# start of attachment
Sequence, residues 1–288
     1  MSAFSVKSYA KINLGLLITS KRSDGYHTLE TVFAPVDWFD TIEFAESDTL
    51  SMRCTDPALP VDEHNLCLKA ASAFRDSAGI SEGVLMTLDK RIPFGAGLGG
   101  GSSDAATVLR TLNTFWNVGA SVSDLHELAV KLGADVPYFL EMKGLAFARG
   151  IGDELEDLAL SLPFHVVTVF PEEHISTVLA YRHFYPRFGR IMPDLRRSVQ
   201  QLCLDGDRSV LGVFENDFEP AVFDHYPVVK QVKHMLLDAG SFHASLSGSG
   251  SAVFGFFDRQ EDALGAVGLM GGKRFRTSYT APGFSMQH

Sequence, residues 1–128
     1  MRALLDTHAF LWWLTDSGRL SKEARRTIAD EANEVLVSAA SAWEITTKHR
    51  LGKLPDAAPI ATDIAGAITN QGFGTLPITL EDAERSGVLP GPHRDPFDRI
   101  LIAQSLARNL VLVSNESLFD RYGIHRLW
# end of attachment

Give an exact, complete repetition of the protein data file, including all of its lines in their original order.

Sequence, residues 1–288
     1  MSAFSVKSYA KINLGLLITS KRSDGYHTLE TVFAPVDWFD TIEFAESDTL
    51  SMRCTDPALP VDEHNLCLKA ASAFRDSAGI SEGVLMTLDK RIPFGAGLGG
   101  GSSDAATVLR TLNTFWNVGA SVSDLHELAV KLGADVPYFL EMKGLAFARG
   151  IGDELEDLAL SLPFHVVTVF PEEHISTVLA YRHFYPRFGR IMPDLRRSVQ
   201  QLCLDGDRSV LGVFENDFEP AVFDHYPVVK QVKHMLLDAG SFHASLSGSG
   251  SAVFGFFDRQ EDALGAVGLM GGKRFRTSYT APGFSMQH

Sequence, residues 1–128
     1  MRALLDTHAF LWWLTDSGRL SKEARRTIAD EANEVLVSAA SAWEITTKHR
    51  LGKLPDAAPI ATDIAGAITN QGFGTLPITL EDAERSGVLP GPHRDPFDRI
   101  LIAQSLARNL VLVSNESLFD RYGIHRLW